Innovator Spotlight: Victor Ezeugwu

Victor Ezeugwu is developing effective strategies to help reduce prolonged sedentary behaviour early after someone experiences a stroke.

Victor Ezuegwu, physical therapist and assistant professor in the Department of Physical Therapy

Victor Ezeugwu, physical therapist and assistant professor in the Department of Physical Therapy

In this week’s Innovator Spotlight, hear from Victor Ezeugwu, physical therapist and assistant professor in the Department of Physical Therapy, as he provides insight on his work covering stroke, Parkinson’s disease, frailty and Long COVID.

How do you describe your work to people who don’t work in your field?

I study how people move or don’t move throughout the day. Using devices, I measure physical activity, sedentary behaviour, and sleep to understand how these behaviours impact health. Additionally, I design health-promoting interventions using behaviour-change methods that incorporate wearable activity sensors. My work covers various populations, including those with stroke, Parkinson's disease, frailty, and more recently, Long COVID.

What’s one big problem you want to solve through your work?

My research has primarily focused on stroke. One significant aspect often overlooked in stroke care is sedentary behaviour - excessive sitting or lying with low energy expenditure. I aim to address this gap by quantifying sedentary behaviour and developing effective strategies to support individuals with stroke and their care partners, helping to reduce prolonged sedentary behaviour early after stroke. We have a recently published protocol paper in this area. Our work not only aims to optimize functional recovery and promote better cardiometabolic health but also to explore the potential applicability of this low-cost rehabilitation approach in less-resourced settings or remote areas.

What does the word “innovation” mean to you?

It means being creative and instigating positive change in society by introducing something new or making alterations to existing services to enhance efficiency, contributing to the betterment of society. I believe that measuring something is a foundational step toward change.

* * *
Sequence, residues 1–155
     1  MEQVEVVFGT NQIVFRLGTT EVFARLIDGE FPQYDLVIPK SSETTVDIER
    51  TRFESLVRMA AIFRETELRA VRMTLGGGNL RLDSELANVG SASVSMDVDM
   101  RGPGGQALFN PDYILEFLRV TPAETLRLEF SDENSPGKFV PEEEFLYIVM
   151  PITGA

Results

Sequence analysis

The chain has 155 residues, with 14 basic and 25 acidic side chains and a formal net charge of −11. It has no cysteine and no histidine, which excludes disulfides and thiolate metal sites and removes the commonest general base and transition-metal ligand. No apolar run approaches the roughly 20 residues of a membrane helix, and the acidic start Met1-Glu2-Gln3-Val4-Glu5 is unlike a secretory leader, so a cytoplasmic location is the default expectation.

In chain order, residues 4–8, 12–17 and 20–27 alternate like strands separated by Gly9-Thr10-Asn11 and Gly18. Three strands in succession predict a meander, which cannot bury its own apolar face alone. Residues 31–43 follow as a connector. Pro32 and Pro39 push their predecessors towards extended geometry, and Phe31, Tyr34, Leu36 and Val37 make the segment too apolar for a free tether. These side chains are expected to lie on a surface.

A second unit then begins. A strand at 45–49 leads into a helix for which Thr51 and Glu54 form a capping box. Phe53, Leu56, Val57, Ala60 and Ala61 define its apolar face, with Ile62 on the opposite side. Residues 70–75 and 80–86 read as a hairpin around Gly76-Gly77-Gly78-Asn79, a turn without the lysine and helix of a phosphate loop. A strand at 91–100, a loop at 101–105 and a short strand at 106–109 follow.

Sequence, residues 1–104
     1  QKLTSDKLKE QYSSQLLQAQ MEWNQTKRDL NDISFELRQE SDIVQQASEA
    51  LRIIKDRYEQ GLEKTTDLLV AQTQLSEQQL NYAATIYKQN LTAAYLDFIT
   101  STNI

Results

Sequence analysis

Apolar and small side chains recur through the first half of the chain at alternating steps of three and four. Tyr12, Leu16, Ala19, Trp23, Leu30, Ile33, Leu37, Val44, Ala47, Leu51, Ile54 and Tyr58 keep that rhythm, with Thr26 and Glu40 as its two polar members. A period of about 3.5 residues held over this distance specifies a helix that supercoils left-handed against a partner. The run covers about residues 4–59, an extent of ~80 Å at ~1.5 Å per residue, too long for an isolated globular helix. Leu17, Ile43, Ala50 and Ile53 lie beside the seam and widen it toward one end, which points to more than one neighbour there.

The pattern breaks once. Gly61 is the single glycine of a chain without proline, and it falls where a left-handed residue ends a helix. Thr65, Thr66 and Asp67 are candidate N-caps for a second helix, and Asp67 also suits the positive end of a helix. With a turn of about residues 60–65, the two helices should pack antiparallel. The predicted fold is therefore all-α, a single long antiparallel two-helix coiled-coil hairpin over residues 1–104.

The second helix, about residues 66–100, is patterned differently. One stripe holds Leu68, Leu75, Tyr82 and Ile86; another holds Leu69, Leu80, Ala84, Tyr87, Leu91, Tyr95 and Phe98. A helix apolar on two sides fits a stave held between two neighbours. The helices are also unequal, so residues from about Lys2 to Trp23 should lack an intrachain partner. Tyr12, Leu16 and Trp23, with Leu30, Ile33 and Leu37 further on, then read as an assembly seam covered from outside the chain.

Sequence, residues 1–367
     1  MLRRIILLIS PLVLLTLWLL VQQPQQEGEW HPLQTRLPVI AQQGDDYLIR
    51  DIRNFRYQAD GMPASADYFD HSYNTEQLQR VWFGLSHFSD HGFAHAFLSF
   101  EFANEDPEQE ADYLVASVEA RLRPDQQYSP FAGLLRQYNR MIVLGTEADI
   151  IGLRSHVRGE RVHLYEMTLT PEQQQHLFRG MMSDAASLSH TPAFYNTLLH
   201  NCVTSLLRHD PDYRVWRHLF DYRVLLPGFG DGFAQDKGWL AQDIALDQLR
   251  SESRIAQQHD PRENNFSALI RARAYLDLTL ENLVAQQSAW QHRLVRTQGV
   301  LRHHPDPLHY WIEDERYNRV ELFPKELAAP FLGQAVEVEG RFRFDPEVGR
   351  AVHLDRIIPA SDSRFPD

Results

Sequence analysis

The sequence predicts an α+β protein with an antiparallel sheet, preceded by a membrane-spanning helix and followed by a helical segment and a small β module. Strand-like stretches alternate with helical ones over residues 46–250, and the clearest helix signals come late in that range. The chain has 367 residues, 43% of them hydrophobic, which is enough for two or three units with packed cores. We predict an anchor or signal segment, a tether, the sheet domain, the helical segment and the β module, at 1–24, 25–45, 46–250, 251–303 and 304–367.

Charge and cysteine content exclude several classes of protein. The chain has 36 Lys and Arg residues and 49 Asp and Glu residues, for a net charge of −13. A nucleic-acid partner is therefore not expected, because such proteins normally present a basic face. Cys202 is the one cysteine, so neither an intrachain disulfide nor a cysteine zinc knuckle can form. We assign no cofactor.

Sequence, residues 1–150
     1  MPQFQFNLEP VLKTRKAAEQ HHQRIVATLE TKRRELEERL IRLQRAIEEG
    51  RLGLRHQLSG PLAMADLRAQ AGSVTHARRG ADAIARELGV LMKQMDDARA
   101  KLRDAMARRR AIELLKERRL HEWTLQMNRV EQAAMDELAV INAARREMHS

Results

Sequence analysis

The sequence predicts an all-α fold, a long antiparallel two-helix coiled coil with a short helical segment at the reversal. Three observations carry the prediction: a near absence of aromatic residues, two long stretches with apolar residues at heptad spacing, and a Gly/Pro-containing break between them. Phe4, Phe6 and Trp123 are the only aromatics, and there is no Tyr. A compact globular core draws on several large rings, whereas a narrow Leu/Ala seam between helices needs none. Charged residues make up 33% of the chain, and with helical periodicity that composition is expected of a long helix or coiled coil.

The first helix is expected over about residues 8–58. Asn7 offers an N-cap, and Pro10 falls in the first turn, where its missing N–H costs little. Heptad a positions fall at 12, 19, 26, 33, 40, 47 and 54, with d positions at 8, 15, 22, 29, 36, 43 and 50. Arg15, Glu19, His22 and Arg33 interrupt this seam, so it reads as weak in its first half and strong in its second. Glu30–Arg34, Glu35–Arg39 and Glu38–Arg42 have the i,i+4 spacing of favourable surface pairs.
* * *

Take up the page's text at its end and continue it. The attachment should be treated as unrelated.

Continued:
What’s been your biggest a-ha moment — in life or work — so far? 

As an early career researcher, a significant moment for me was when patients with stroke and their care partners embraced an intervention program titled STand Up Frequently From Stroke (STUFFS), which we developed during my PhD training here at the U of A with Dr. Trish Manns. A prior Folio publication highlighted some features of the program. That program received several awards from Alberta Innovates through the Clinician Fellowship stream, Glenrose Rehabilitation Hospital Foundation, the College of Physical Therapists of Alberta through the Clinical Research Innovation Fund and the Physiotherapy Foundation of Canada through the Ann Collins Whitmore Memorial Scholarship.

How do you or your team come up with your best ideas?

Most of my best ideas have originated from my experiences as a clinician. Some have surfaced during quiet moments, often right before bedtime. I also believe that the most exceptional ideas emerge through collaboration with other researchers, clinicians, and patients/care partners to help solve real-world problems.

What’s your favourite thing about working at the U of A? 

The people! I have been very fortunate that I trained and now work at the U of A. I look forward to coming to work because of the amazing people in my department, faculty, and the university. I have a good team made up of amazing students and staff.